On behalf of the Navajo Nation Council, I would like to wish you a warm holiday season as you take time to be with your family and friends. At Thanksgiving, we show our appreciation for what we have been blessed with through the year.
For the Navajo Nation Council, we extend our appreciation to the Navajo warriors who have fought and continue to fight for our rights as American citizens. While our warriors protect our rights, I feel it is the responsibility of us as elected leaders to defend and protect the rights of indigenous peoples.
Council delegates continue to advocate for the Declaration on the Rights of Indigenous Peoples to be adopted by the United Nations. Because our Navajo people have served our country in the most honorable way, it is important that the United States recognizes our rights as indigenous peoples, and not vote in opposition of the Declaration when it is up for consideration.
As indigenous peoples, we have fundamental rights, such as the right to our language. Though it was our language that the Navajo Code Talkers used so heroically to defeat the enemy of the United States, our language - and thus our very way of life - continues to be threatened. In the State of Arizona, for example, a proposition was passed making English the official language of the state. Indigenous peoples the world over face these types of threats every day. It is time that our rights are fully recognized by the international community and promoted by the United States.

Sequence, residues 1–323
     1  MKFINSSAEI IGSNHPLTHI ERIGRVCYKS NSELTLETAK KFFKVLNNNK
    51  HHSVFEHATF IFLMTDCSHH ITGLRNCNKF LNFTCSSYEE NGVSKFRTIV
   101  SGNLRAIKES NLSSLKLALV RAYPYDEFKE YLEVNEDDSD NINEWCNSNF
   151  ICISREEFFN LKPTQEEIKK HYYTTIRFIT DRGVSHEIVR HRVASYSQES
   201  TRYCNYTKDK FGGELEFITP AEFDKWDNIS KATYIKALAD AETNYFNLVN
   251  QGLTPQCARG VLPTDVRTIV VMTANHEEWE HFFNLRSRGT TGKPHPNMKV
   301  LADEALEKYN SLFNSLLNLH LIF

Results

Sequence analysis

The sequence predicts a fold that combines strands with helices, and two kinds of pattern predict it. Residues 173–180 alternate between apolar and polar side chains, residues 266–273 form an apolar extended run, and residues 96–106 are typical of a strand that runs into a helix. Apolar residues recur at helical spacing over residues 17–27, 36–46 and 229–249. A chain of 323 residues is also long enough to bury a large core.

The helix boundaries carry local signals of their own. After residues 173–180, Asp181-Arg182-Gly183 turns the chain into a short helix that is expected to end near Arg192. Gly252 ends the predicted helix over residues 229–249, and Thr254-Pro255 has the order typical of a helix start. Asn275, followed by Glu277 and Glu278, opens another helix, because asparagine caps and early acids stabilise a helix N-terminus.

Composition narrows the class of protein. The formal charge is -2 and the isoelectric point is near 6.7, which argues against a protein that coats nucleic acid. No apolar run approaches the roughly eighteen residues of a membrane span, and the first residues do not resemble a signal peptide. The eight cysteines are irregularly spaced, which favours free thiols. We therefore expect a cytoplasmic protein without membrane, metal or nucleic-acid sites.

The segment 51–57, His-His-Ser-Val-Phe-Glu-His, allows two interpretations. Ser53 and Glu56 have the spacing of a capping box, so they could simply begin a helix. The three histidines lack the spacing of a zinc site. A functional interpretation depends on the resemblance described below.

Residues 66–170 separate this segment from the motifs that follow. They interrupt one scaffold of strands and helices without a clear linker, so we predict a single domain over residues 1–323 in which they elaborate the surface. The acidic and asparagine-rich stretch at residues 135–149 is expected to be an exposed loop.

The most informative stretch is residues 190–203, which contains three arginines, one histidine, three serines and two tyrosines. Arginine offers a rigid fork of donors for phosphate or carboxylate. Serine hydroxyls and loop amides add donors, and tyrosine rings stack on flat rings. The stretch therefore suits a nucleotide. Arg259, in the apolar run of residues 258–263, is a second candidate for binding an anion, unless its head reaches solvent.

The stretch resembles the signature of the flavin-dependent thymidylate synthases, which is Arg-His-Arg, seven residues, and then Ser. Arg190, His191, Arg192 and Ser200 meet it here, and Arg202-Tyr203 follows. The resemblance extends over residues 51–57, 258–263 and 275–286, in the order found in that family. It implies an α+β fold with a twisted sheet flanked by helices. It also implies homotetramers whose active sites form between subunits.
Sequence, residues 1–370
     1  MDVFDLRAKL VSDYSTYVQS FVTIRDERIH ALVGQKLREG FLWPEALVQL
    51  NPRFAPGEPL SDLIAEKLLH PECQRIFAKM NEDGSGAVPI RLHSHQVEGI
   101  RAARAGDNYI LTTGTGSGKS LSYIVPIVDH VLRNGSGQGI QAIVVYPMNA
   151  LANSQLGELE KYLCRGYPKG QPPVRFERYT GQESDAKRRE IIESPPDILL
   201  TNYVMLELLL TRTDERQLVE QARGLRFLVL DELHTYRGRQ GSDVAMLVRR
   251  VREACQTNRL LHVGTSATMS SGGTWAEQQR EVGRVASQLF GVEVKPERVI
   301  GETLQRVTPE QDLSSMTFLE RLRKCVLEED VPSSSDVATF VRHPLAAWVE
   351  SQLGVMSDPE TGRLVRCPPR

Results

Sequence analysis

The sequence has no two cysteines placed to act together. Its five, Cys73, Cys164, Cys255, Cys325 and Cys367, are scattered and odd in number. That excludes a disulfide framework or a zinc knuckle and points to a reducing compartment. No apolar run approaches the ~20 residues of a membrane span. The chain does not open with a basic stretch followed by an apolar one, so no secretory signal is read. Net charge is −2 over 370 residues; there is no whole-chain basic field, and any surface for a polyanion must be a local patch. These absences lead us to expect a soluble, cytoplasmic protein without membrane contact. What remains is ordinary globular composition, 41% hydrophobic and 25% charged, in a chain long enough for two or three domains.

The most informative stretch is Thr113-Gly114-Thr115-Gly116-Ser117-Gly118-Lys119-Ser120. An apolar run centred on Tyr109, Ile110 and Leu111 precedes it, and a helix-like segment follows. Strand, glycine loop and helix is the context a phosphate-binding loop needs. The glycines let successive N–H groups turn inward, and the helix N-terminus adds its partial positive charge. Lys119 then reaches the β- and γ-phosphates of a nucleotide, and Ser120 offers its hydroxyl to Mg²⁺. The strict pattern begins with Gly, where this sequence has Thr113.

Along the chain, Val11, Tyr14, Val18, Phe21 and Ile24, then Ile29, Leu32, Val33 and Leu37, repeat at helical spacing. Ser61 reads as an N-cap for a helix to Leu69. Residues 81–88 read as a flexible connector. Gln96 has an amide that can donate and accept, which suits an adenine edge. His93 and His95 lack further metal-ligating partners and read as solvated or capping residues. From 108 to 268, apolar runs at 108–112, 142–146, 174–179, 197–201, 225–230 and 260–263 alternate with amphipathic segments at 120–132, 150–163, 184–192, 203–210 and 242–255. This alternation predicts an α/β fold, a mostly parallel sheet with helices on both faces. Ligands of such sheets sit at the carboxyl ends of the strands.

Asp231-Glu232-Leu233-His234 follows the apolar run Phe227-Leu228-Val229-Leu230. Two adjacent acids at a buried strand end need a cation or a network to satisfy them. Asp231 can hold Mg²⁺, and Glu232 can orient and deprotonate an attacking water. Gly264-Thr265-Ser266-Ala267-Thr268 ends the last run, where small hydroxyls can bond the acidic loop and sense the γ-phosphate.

The United States has an opportunity to champion the cause of the Native Americans regarding the rights of indigenous peoples, yet it shies away from this opportunity, seemingly preferring to oppose the Declaration rather than to promote the rights of indigenous peoples. As Americans celebrate this holiday of Thanksgiving, remember that the indigenous peoples of this country continue to fight for full recognition of our rights.
The Navajo Nation is the leader among the world's indigenous peoples in exercising our right to protect our people and our land through the banning of uranium mining. There are many who do not want to abide by this law, therefore we must remain vigilant in ensuring that our people and our sacred land will not be sacrificed again. The Indigenous World Uranium Summit will be held Nov. 30 to Dec.2 at the Navajo Nation Museum in Window Rock to begin to address these issues with the international indigenous community. I encourage our Navajo people to participate in these discussions regarding this important issue.
Though our way of life continues to be threatened by outside forces, the Council is thankful for the opportunity to advocate on behalf of the Navajo people and to be able to act on the issues that are most important to you. Ahe´hee` to each of you for your support as we look toward the future and toward fulfilling the plans and goals that we have set forth. To all our people, have a safe and happy holiday season.
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